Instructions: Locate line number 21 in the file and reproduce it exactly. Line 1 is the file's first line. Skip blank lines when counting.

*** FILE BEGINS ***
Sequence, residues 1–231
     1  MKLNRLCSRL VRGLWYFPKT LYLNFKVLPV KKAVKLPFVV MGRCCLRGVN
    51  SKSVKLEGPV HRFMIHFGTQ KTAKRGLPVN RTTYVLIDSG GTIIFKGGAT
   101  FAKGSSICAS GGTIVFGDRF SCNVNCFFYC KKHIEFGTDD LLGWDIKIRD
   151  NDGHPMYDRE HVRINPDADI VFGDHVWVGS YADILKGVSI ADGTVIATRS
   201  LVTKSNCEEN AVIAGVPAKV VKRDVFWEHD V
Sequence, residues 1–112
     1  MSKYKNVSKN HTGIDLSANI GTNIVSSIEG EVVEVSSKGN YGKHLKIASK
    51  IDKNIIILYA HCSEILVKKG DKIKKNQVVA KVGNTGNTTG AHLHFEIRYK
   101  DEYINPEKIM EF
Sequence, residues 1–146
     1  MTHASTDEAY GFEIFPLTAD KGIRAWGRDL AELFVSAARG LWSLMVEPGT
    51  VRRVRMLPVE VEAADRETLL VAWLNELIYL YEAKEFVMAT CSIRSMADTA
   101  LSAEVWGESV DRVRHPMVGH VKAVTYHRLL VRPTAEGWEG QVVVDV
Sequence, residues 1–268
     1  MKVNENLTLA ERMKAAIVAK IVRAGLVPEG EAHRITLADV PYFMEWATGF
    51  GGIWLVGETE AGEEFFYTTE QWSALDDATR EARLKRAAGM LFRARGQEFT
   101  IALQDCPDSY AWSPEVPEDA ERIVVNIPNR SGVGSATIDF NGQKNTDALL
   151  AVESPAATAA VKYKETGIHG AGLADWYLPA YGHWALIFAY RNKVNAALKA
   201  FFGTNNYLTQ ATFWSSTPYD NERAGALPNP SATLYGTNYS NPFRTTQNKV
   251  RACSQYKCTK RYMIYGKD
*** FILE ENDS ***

   251  RACSQYKCTK RYMIYGKD